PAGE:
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Israeli curbs on Orthodox Church crowds in Jerusalem for Easter draw ire

by Reuters Journalist

Israeli police will curb the number of worshippers in the Church of the Holy Sepulchre in Jerusalem for safety reasons during Orthodox Easter ceremonies on Saturday, drawing anger from church leaders who said they would not cooperate.

With huge crowds expected in the cramped alleyways of the Old City, the restrictions - which will slash the number of worshippers to one-fifth its size in recent years - are aimed at ensuring safety for thousands of Christian worshippers, as well as Muslims and Jews holding their own celebrations, police said. 

However, the decision to limit access on Saturday to the Holy Fire, the most important Easter celebration for the Eastern Orthodox Church, angered church leaders who saw it as part of what they consider long-standing efforts by Israel to restrict the rights and freedoms of the local Christian community.

Complaining of "heavy-handed" measures, they said they would not cooperate with police.

"We shall continue to uphold the Status Quo customs, and the ceremony will be held as customary for two millennia and all who wish to worship with us are invited to attend," the Greek Orthodox Patriarchate, the Custody of the Holy Land and the Armenian Patriarchate said in a joint statement.

In contrast to previous years, when as many as 10,000 worshippers packed into the Church of the Holy Sepulchre, only 1,800 will be allowed inside this year, with another 1,200 outside. Additional checkpoints around the Old City will also restrict access to the area around the church.

This year, the sensitivity around religious festivals in the Old City has been particularly high, with the Muslim holy month of Ramadan, the Jewish Passover holiday and Easter coinciding at a time of heightened Israeli-Palestinian tensions.

On Tuesday, Prime Minister Benjamin Netanyahu announced that Jewish visitors would not be allowed into the Al-Aqsa mosque compound for the last 10 days of Ramadan after a police raid last week set off a furious reaction from the Arab world and exchanges of cross-border fire with Gaza, Lebanon and Syria.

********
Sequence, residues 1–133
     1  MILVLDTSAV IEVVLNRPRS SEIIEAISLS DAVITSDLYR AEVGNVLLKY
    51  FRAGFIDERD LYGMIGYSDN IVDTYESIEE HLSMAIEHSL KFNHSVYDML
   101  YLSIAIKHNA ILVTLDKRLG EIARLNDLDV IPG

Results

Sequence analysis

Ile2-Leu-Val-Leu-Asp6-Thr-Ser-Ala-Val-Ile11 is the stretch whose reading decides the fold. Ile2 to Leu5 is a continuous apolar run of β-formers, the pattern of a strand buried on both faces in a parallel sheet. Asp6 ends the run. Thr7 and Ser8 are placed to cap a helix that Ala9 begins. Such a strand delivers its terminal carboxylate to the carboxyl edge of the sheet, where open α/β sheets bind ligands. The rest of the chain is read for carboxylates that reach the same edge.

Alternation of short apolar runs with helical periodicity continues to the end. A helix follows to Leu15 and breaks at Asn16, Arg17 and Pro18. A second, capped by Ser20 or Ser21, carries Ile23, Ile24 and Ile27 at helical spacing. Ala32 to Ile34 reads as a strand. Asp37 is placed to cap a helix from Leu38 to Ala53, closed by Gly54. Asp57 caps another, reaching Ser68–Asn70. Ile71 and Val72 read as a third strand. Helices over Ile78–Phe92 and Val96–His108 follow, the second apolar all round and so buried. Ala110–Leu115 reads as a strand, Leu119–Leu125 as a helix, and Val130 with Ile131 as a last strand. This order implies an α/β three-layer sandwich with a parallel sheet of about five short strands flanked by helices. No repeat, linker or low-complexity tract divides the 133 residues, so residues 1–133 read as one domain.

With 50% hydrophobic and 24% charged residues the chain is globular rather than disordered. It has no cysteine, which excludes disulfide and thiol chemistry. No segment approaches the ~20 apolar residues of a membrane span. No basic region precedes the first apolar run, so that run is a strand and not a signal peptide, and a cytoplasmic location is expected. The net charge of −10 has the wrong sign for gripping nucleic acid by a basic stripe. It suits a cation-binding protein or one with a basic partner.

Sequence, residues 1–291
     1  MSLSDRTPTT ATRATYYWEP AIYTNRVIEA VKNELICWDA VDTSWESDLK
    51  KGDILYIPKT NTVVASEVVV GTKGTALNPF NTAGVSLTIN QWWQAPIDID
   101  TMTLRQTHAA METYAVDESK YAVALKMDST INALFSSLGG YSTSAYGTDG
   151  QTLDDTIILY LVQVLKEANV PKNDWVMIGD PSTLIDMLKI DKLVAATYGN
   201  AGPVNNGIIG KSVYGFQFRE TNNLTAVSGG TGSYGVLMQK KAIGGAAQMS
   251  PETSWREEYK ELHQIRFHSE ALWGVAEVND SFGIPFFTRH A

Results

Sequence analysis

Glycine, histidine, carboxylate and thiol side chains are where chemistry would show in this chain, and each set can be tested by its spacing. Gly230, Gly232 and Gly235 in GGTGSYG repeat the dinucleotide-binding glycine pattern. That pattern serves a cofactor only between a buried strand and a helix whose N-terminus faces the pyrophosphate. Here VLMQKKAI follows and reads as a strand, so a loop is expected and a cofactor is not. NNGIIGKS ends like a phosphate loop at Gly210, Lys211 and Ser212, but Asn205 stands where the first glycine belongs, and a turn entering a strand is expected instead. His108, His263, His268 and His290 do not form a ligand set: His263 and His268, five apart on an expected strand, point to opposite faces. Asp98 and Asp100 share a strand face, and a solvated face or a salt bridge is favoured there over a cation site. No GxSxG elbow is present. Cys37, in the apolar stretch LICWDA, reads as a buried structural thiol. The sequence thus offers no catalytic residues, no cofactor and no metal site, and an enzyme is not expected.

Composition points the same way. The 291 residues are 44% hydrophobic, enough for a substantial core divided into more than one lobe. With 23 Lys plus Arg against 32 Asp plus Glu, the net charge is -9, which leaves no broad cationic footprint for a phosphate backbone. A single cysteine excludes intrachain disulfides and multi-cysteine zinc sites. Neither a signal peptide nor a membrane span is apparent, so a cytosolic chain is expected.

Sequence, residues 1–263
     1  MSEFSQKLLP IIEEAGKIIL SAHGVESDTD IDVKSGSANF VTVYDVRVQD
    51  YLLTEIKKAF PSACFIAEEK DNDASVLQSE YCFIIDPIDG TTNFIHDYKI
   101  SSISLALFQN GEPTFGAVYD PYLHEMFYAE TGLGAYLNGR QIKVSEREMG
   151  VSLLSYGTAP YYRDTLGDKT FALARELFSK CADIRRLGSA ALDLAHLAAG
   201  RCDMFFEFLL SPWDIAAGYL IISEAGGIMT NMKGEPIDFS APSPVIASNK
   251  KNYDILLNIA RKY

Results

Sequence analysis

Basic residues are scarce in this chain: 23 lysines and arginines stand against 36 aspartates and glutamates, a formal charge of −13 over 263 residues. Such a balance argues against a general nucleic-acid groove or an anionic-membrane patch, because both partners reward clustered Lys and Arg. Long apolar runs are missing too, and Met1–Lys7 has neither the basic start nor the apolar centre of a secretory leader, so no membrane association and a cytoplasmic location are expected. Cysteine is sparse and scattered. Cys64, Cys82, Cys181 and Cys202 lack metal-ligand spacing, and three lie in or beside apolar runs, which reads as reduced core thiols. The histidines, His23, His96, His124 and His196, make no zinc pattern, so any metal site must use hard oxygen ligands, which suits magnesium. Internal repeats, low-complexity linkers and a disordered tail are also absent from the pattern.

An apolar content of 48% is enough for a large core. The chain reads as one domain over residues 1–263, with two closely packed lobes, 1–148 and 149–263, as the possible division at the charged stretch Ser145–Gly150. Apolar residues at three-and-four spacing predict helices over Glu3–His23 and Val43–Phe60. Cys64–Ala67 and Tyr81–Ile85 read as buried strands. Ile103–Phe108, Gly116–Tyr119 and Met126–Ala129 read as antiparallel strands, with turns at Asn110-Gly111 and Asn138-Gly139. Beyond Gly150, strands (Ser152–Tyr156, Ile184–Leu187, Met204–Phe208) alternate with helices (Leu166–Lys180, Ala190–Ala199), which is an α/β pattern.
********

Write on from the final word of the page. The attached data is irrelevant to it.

The hilltop site, holy to both Muslims and Jews, who know it as Temple Mount, has been among the most sensitive points during the decades-long conflict between Israel and the Palestinians.


After the bout of rocket attacks and air strikes last week, the situation has been calmer over the past few days but Israeli officials said the potential for trouble remained.

"When I look ahead, Ramadan is still a sensitive period," said Israeli military spokesman Daniel Hagari, adding that the coming Friday, which could be the last Friday during the Ramadan fasting month depending on the lunar calendar, was being watched particularly closely. "We are in full readiness," he said.

The issue of access to the Old City for Christian worshippers was not directly connected to the tensions between Muslims and Jews at Al-Aqsa mosque, where Jews are allowed to visit but not pray.

But it reflected complaints from Christians that they are being gradually but systematically shut out of the Old City by Israeli authorities, who they say are upsetting longstanding status quo arrangements between the three communities.

The churches say the Holy Fire ceremony on the Saturday before Orthodox Easter, when a light is held to emerge from the tomb of Jesus, has been held safely for centuries with five times as many worshippers as the authorities are allowing.

Police say a deadly stampede at an Orthodox Jewish festival in northern Israel two years ago, when 45 people were killed, underlined the risks of large crowds of worshippers gathering in restricted spaces.

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